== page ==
80mm spindle

This topic contains 4 replies, has 3 voices, and was last updated by  David Posea 1 year, 6 months ago.

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  • #8353

    David Posea
    Participant

    has anyone used an 80mm spindle, and is 1.5KW too much? I could go with an 0.800KW 80mm spindle. I think the 53mm spindles are maxed at 0.4kw. I’d like to be able to make some 1/8″ steel plates. They can take 3 days to cut, as long as they are accurate. I’m not sure if this will be rigid enough, although I am keeping it small.

    David

    #8392

    C
    Participant

    I read of someone else milling stainless steel in another cnc machine with similar rigidity. They were small parts and took a while but they came out ok.
    As far as I remember the spindle used was just under 1kw. I’ve been looking into it a bit and I’ll probably try it myself too once the machine is all setup properly and I have some experience with other materials.
    I don’t think it’s something to be milling regularly on these machines anyway. You’ll likely end up taking very shallow bites out of the steel which is going to be harsh on you’re tooling. They’ll wear out prematurely because you’ll only be using a small portion of the usable length.
    Definitely something worth trying though, I’d love to see how you get on if you try it.

    #8394

    Ryan
    Keymaster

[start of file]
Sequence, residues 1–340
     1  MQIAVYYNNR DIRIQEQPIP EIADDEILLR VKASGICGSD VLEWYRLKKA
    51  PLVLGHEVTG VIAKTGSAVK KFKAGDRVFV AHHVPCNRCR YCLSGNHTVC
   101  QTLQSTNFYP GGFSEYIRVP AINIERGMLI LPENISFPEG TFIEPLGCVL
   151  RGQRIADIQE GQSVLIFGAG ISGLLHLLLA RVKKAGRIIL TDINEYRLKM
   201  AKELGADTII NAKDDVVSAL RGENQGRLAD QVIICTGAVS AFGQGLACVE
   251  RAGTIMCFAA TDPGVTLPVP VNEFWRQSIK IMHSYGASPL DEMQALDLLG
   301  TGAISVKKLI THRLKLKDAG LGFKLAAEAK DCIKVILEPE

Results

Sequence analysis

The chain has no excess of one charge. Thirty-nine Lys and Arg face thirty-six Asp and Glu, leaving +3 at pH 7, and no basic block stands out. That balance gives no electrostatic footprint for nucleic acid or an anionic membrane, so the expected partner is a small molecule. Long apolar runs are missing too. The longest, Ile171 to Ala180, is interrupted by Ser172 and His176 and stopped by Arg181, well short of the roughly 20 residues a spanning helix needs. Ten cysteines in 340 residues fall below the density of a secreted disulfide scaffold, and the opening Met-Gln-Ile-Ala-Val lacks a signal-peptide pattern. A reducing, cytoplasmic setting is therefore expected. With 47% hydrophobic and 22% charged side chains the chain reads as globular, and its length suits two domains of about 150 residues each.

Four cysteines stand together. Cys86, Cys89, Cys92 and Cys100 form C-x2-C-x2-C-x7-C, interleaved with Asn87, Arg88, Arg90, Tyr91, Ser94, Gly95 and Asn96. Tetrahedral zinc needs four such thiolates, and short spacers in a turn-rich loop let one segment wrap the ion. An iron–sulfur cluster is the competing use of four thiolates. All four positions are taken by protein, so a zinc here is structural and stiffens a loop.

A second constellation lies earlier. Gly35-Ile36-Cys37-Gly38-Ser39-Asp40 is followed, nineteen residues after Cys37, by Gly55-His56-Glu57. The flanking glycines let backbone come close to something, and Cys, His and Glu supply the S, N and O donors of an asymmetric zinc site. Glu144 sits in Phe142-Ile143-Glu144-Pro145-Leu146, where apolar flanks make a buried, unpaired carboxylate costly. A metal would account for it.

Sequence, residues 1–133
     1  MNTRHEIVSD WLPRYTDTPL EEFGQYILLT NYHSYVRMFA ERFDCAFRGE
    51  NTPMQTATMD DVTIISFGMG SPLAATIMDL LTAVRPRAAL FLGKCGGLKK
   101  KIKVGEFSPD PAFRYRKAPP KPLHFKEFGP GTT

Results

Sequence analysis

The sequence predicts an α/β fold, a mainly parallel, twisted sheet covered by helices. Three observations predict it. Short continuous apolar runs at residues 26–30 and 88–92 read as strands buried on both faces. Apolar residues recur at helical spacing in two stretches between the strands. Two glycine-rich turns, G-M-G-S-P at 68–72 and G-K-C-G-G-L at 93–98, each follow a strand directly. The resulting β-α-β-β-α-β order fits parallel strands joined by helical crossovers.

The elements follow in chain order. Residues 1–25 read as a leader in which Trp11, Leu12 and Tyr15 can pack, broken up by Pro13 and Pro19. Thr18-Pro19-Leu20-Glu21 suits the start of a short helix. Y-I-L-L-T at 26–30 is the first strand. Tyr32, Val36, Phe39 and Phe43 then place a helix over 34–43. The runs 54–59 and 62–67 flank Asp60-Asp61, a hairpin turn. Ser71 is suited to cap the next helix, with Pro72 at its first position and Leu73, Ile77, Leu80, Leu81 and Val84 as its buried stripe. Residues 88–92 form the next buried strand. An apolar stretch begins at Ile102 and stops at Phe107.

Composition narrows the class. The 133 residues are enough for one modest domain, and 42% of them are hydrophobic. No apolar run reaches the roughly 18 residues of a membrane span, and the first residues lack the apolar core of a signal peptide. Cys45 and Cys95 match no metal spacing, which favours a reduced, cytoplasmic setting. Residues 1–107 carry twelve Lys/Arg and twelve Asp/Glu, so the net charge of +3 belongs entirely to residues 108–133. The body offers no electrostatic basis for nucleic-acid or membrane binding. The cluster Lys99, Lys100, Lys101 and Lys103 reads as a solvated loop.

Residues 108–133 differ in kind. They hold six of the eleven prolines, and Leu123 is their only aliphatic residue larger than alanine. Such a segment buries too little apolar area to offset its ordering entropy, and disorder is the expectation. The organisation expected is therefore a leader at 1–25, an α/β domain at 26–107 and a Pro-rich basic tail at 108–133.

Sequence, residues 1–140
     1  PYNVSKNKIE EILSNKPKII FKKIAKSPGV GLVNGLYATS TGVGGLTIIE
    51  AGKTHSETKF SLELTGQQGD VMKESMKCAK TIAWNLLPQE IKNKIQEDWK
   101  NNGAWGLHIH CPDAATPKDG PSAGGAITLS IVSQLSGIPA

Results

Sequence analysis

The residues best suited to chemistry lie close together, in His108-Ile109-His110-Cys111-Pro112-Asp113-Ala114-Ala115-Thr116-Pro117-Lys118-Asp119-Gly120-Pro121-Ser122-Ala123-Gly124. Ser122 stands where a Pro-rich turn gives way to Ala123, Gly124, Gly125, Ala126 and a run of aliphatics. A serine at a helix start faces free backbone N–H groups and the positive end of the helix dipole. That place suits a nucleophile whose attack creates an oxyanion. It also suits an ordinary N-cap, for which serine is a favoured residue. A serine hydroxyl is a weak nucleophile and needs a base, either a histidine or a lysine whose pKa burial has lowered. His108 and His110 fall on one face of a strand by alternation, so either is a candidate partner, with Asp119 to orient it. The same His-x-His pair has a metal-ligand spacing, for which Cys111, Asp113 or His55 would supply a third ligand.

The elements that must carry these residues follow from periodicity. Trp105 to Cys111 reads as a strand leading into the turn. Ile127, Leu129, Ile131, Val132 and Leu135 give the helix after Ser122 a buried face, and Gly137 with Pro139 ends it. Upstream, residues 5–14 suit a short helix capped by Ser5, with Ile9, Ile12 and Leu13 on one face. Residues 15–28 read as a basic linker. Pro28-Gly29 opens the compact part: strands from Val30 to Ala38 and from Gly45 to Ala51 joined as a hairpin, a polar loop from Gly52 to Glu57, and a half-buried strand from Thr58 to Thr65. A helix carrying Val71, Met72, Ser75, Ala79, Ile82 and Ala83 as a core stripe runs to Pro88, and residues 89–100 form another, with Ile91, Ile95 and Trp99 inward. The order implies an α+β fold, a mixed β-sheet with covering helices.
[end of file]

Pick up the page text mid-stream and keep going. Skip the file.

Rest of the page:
#8395

    C
    Participant

    I came across that recently too. Seems to be a similar method in fusion 360 as “adaptive clearing”.
    It looks like it will allow much lighter loading of the tool and will probably be very useful for aluminium. Still not sure about steel though as I can’t find much info at all on people trying it with these types of machine.
    Have you tried trochoidal milling?

    #8408

    David Posea
    Participant

    We should know in about two weeks. I got the hardware kit yesterday, and I’ve got at least 36 hours of printing left. I’m going to order a 1.5kw spindle and VFD and see how it works out. I’m trying to talk myself out of buying a Precision Matthews 45M-CNC machine, but every day I end up looking at mills and end up there. At this point my main focus are chassis and suspension parts for a couple of reverse trike projects I have in mind. So far my designs only use flat plates for the fabricated parts, anything more complicated is easier to source from an exisitng bike or automobile. So a full CNC Mill is overkill, but if I had one I would have to make a 1/5 or 1/4 scale V8, just for fun.

    David

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